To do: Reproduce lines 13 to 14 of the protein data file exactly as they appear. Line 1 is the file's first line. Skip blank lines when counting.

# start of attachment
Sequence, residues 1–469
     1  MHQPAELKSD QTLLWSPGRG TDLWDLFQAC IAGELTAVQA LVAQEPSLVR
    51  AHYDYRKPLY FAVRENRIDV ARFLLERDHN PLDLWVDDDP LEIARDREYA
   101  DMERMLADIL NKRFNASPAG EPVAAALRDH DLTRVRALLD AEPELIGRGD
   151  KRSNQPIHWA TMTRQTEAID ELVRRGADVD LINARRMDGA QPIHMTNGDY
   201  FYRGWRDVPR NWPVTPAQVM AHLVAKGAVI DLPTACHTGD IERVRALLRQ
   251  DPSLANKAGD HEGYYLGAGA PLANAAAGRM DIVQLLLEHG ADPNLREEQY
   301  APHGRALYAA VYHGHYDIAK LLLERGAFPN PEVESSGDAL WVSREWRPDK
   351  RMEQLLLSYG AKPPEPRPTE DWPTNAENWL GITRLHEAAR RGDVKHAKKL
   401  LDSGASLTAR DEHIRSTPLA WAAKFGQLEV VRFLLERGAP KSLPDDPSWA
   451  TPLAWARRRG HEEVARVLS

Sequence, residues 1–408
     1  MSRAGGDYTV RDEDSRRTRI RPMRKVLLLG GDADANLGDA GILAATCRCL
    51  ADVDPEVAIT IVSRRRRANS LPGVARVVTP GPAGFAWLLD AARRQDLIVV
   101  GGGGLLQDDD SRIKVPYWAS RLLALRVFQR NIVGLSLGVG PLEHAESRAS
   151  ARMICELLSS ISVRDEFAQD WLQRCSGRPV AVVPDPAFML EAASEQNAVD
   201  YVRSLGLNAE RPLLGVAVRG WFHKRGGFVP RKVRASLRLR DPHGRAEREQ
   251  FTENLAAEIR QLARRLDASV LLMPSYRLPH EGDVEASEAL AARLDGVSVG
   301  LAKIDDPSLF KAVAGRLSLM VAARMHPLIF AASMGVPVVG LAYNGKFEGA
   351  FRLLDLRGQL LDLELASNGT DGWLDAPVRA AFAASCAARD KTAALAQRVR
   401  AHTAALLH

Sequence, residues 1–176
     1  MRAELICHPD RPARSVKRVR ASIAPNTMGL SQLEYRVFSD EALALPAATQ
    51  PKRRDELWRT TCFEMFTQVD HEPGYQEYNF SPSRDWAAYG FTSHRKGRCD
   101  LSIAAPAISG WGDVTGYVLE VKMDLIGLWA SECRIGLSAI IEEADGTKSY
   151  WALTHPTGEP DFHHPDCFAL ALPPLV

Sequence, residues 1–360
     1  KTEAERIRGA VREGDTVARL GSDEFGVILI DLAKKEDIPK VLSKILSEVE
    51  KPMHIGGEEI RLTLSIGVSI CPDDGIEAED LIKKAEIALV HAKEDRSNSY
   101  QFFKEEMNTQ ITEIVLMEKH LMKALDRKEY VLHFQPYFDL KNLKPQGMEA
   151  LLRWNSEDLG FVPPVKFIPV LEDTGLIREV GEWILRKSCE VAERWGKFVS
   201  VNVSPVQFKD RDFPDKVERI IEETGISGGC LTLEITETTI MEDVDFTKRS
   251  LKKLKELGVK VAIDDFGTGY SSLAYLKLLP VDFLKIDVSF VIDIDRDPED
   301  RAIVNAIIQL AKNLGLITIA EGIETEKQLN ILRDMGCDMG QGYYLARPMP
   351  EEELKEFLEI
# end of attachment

     1  MSRAGGDYTV RDEDSRRTRI RPMRKVLLLG GDADANLGDA GILAATCRCL
    51  ADVDPEVAIT IVSRRRRANS LPGVARVVTP GPAGFAWLLD AARRQDLIVV